The purpose of this integrative review is to describe, compare, and synthesize traditional and computer-based family interventions that aim to change adolescents' risky sexual behaviors and substance abuse.
Family interventions have been shown to generate protective effects for preventing adolescents from risky behaviors. It is not clear, however, whether there are significant differences or similarities in the designs and effects of traditional and computer-based family interventions.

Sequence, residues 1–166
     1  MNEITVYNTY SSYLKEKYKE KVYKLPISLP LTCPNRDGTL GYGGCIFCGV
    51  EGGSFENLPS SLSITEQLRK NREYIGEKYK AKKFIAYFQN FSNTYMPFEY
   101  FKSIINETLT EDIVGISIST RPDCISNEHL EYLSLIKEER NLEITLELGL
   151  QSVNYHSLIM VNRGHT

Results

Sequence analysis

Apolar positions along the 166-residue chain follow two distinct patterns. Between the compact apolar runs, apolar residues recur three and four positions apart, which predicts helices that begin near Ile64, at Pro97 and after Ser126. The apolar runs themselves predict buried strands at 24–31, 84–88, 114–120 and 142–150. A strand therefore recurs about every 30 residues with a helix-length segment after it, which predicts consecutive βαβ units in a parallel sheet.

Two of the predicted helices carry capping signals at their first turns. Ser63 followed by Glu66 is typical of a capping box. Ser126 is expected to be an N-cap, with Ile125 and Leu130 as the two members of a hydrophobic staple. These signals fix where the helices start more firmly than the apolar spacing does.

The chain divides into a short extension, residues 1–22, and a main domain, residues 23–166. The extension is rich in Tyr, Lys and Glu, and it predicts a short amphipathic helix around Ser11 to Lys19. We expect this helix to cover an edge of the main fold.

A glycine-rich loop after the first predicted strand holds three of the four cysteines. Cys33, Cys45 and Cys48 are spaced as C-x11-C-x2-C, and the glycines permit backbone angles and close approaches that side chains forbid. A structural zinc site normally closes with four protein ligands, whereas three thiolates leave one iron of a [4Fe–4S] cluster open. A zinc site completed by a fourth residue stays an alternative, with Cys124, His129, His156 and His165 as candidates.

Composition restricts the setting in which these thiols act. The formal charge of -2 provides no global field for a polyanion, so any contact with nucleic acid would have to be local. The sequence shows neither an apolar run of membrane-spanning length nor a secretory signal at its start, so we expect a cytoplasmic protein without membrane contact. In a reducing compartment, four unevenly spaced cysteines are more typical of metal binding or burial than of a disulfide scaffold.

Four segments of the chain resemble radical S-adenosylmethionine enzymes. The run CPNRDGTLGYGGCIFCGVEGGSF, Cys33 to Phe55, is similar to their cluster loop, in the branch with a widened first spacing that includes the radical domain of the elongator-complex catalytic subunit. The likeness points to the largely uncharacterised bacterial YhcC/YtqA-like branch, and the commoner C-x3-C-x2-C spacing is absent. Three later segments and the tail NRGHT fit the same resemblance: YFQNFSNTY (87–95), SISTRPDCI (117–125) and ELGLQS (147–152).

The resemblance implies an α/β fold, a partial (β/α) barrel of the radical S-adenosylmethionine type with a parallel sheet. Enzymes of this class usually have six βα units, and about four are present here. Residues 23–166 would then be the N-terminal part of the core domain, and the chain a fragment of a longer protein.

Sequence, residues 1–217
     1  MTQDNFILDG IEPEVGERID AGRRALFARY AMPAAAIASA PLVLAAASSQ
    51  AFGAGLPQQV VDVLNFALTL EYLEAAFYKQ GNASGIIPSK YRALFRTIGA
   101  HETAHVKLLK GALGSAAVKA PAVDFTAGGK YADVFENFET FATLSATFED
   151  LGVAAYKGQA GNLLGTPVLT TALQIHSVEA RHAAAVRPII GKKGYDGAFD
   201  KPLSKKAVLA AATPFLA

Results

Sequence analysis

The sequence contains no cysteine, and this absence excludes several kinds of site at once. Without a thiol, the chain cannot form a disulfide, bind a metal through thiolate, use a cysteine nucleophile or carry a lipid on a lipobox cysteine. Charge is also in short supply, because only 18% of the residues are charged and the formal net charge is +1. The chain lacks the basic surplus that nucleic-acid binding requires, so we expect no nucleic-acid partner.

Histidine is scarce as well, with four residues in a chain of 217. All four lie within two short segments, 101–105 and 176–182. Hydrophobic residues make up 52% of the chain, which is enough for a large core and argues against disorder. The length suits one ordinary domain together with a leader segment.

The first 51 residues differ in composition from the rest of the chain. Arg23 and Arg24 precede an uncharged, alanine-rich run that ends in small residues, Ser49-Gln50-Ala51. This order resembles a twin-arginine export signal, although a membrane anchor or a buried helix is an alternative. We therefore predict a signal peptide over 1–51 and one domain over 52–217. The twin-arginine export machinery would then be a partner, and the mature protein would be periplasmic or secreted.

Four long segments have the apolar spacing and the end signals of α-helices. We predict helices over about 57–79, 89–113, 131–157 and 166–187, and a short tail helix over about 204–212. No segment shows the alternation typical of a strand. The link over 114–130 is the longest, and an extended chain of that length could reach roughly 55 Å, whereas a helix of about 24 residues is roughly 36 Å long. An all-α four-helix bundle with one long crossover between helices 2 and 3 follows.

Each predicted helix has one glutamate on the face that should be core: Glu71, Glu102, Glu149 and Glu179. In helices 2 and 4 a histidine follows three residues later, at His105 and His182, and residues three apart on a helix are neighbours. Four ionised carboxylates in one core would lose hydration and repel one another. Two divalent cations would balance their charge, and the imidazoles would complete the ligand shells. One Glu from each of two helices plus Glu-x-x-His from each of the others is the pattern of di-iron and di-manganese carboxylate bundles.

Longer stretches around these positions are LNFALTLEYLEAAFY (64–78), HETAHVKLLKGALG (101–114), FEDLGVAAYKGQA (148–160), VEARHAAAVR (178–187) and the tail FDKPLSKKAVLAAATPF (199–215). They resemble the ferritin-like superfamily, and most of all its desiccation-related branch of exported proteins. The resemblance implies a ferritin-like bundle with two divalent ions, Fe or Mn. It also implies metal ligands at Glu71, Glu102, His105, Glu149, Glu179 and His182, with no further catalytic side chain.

An integrative literature review was conducted to describe and compare the designs and effects of traditional and computer-based family interventions.
Both interventions have generated significant effects on reducing risky behavior among adolescents. Interventions guided by theory, tailored to participants' culture/gender, and which included sufficient boosting dosages in their designs demonstrated significant short- or long-term effects in terms of reducing adolescents' risky behaviors.
Regardless of delivery method, well-designed family interventions are noted to maximize familial protective effects and reduce risky behaviors.
Oversett med Google Translate